I am so sad and depleted from all the efforts in every aspect of me/cfs and so on which result in nothing. I thought for sure that by changing my food plan to one of adherence to a strict, healthy food program, it would be one area in my life where I could do something and have a positive outcome.

  2. Pandorash says:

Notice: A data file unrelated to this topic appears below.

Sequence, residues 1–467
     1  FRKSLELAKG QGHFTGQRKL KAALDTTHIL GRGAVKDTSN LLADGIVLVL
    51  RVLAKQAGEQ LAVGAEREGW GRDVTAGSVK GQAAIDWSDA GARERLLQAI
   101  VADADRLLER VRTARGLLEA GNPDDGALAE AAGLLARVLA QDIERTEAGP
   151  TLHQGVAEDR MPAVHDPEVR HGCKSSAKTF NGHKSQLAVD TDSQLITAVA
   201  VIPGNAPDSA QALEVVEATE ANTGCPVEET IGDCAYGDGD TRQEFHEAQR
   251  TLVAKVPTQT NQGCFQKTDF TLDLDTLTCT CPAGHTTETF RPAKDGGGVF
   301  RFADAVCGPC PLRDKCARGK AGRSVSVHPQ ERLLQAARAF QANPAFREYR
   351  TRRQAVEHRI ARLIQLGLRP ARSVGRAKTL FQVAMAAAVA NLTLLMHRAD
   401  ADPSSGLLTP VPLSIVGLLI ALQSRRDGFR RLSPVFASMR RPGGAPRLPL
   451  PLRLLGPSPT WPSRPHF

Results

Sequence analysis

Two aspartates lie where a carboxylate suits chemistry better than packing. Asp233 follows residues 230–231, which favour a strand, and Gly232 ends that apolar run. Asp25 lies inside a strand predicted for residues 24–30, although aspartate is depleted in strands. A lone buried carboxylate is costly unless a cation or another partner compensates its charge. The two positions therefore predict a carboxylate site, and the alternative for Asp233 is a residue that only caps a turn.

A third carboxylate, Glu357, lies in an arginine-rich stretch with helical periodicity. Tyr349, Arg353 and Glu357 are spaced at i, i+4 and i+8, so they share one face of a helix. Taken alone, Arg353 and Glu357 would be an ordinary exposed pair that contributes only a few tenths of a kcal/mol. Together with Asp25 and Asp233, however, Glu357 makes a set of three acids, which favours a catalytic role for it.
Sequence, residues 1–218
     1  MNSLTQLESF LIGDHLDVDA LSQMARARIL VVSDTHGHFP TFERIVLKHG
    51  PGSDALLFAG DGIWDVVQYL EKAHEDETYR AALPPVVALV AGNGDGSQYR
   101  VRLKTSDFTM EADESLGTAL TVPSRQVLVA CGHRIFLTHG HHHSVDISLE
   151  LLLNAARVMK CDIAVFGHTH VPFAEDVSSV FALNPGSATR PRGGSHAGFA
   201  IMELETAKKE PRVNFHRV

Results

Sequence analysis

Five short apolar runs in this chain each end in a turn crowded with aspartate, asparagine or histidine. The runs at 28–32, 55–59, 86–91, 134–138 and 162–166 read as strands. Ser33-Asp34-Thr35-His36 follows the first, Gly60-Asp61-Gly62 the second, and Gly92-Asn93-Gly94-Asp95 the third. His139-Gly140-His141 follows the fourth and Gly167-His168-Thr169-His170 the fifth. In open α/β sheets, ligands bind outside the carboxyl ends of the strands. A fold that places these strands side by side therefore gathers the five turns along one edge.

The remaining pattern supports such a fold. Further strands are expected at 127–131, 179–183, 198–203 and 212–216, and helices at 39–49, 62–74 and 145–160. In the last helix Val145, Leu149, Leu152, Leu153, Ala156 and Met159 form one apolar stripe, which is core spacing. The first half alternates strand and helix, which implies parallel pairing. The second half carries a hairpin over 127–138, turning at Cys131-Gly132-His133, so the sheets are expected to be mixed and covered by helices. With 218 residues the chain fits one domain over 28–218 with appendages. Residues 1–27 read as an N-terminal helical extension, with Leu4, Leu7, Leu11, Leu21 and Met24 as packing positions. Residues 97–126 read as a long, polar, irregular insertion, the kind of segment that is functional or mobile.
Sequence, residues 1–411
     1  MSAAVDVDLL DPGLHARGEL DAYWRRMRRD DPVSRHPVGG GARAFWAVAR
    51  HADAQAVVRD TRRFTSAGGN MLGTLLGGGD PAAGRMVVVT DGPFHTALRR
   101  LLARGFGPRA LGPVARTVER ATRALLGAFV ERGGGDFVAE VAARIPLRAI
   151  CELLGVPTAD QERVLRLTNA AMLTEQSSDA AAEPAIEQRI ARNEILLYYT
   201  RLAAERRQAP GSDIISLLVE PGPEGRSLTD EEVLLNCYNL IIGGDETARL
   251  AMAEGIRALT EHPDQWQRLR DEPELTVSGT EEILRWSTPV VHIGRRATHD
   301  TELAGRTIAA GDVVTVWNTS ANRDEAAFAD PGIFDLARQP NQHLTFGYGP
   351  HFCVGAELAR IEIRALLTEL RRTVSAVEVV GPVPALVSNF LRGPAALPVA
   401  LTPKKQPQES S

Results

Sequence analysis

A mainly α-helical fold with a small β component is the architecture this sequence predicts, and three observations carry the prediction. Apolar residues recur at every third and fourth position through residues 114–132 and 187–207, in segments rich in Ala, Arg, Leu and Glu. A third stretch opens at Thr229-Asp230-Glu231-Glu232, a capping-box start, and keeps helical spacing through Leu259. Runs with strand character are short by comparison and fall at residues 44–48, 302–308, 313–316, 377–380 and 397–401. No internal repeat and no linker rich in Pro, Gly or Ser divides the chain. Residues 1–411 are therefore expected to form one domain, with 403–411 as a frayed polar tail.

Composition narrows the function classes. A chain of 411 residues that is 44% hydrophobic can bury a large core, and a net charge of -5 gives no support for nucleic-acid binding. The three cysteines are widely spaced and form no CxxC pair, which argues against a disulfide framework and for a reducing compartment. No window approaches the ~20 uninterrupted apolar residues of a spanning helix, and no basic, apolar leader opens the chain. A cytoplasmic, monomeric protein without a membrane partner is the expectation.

I just wanted to reply to Nancy’s post. I understand the futility of losing weight with FM. The best diet I ever followed was something called Tony Ferguson (It’s Australian). It’s a little strict so it’s hard to maintain long-term but if you follow it fully you lose the weight quite fast (fast for FM is normal for others!). I find it great to follow for a couple of weeks then maintain the loss for a couple weeks then go on it again and so on. It also made me feel great cos it’s low carb (not to be confused with ‘no carb’) and I think my body has an inflammatory response to wheat (according to my Dr this is common for people with FM). I would encourage you to try it if you can, or if you can’t you could get a nutritionist to create a meal plan similar (they may go on about how you should eat more carbs but it’s only short-term while you’re losing weight and many Dr’s recomend it). It may not work for you but your post sounds really similar to problems I had been having. Also, if you can do even a little bit of excercise (even 10mins a day) you should start because what happens is you actually feel better for it afterwards. The key is to avoid high-impact activities like running and instead do swimming or walking and NOT TO OVERDO IT. Cardio helps burn the cortisol that builds up in our systems and causes more pain. Then try something like gentle/beginners pilates for strength. The cardio is a great short-term release and the strength buidling helps long-term. Just start really small and over time you will feel better and be able to do more. Or, maybe try relaxation. It has similar cortisol-burning effects to excercise but without the physical strain. I hope my advice helps 🙂